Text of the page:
Four out of five children sometimes have a headache. The most common cause is a viral infection such as a cold or the flu. Children and adolescents can also get tension-type headaches and migraine headaches. Unfortunately, our children are inheriting and embracing the stressful, fast-paced modern life style.

Up to 5 percent of the children in grade school suffer from migraine headaches. During the high school years, about 20 percent of American adolescents get migraine headaches. These headaches are more common in girls than in boys. Boys who get migraines have them more often when they are about 10 to 12 years old. It is not unusual for them to have two to three migraine headaches a week.

Migraine headaches seem to be caused by changes in the level of a body chemical called serotonin. Serotonin performs many functions in your body, and it can have an effect on the blood vessels. When serotonin levels are high, blood vessels shrink and narrow. When serotonin levels fall, the blood vessels widen and swell. This swelling can cause pain or other problems.

When your child is suffering from any type of headache, you should have them lie down in a cool, dark place. Give them a wet cloth to place across their forehead. If the doctor has given your child a medicine for headaches or migraines, your child should take it as soon as he knows a headache is starting. Don’t wait! Toughing it out, rarely works. If your child feels nausea followed by vomiting, your doctor can also prescribe a medicine for that.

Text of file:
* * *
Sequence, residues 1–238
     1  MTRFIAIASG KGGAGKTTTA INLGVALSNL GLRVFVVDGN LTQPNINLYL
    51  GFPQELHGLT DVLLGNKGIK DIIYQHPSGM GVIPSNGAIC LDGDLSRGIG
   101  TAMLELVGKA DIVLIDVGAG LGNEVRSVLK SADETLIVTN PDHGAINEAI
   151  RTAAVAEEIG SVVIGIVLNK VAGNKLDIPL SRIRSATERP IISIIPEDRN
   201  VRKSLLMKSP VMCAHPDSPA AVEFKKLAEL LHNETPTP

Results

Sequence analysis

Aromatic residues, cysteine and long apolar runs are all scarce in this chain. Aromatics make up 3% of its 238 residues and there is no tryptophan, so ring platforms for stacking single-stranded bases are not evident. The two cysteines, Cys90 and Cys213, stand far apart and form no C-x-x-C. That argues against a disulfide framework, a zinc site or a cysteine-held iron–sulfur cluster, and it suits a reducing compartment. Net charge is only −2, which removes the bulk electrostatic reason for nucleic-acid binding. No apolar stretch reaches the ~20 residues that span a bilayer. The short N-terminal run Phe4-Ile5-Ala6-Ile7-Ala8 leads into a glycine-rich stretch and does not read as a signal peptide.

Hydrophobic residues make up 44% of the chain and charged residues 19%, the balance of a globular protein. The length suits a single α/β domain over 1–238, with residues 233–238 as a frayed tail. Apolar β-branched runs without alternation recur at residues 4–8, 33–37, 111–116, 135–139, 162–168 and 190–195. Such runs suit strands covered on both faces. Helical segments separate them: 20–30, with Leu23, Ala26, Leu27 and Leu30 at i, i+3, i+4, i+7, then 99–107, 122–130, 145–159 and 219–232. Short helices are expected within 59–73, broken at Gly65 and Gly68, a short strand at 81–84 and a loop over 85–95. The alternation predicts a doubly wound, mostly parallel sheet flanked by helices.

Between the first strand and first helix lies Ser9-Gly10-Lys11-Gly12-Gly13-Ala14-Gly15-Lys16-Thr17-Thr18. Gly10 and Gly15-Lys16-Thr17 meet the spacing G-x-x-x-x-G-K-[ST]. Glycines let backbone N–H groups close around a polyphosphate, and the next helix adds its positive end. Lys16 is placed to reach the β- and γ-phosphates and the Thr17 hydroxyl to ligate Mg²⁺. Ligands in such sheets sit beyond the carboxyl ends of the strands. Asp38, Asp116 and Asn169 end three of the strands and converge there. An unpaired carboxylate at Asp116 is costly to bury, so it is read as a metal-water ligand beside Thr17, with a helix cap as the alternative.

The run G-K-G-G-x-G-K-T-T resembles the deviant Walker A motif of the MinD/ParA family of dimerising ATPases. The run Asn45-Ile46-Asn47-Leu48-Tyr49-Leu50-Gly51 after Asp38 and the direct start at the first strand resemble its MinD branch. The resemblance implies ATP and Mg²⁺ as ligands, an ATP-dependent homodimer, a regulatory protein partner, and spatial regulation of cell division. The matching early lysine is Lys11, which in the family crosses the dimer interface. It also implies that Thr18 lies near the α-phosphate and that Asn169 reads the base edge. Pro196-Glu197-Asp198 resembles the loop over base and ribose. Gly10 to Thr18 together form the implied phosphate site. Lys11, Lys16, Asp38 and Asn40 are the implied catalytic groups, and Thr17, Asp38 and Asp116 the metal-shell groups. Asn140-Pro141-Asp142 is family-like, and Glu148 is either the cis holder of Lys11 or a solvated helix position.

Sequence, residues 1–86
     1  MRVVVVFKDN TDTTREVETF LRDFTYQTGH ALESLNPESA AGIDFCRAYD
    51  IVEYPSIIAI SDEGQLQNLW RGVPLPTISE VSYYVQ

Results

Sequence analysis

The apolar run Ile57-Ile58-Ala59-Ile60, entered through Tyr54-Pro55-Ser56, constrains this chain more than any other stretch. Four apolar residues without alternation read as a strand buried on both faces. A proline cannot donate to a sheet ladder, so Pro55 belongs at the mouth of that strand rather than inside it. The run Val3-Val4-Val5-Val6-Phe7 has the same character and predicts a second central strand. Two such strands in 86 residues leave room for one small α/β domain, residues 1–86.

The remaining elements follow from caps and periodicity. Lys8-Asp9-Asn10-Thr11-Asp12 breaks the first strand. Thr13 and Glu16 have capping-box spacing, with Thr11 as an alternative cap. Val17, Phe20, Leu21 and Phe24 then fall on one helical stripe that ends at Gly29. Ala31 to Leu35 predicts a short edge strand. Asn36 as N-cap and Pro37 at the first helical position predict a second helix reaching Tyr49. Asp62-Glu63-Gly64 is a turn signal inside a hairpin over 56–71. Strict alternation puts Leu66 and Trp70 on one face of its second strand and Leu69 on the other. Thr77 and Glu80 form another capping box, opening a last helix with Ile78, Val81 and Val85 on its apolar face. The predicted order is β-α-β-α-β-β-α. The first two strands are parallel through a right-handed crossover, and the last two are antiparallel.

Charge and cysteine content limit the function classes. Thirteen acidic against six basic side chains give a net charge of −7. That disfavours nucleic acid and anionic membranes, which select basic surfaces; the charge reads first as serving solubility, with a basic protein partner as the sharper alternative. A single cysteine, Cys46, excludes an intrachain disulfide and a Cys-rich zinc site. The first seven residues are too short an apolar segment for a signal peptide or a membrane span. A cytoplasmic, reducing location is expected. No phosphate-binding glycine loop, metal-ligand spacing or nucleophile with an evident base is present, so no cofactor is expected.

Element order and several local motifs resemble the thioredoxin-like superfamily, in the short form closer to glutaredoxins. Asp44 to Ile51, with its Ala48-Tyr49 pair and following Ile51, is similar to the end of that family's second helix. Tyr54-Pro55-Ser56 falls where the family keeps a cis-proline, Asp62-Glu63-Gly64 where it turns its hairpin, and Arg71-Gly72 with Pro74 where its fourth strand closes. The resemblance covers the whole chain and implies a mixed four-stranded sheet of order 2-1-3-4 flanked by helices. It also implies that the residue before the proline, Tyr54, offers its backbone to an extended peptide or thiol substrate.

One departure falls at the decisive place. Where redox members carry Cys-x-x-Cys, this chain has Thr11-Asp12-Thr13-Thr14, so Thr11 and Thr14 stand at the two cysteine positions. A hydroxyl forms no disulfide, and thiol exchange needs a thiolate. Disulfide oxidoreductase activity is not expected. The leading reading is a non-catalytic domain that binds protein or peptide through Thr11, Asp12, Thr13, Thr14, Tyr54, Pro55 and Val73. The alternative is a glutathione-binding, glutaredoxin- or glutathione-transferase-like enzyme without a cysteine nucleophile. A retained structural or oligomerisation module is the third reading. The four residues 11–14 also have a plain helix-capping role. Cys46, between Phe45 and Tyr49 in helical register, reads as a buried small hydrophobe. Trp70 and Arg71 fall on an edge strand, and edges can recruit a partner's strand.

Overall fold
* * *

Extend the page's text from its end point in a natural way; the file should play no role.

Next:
There are a few lifestyle changes you can make to reduce the number of headaches your child experiences. These are beneficial for your child and the rest of the family in many other ways besides preventing headaches. Your family should eat regularly and not skip meals. The family should all try to keep a regular sleep schedule; 8 hours a night is recommended.

You should be aware of the long list of headache triggers and try to avoid your child’s exposure to them. About one third of the individuals who experience migraines can identify their food triggers. You just need to help your child avoid the food. At home, it is easy, but you will have to train your child to ask about ingredients and food preparation when he’s out and about at friend’s house or at school.

Too much physical activity, certain activities or stressors are well known headache triggers. Day to day life stress can be a factor in your child’s headaches. Your doctor can provide stress management techniques to help your child, in fact the whole family, to reduce stress and avoid headaches as well as other serious conditions.

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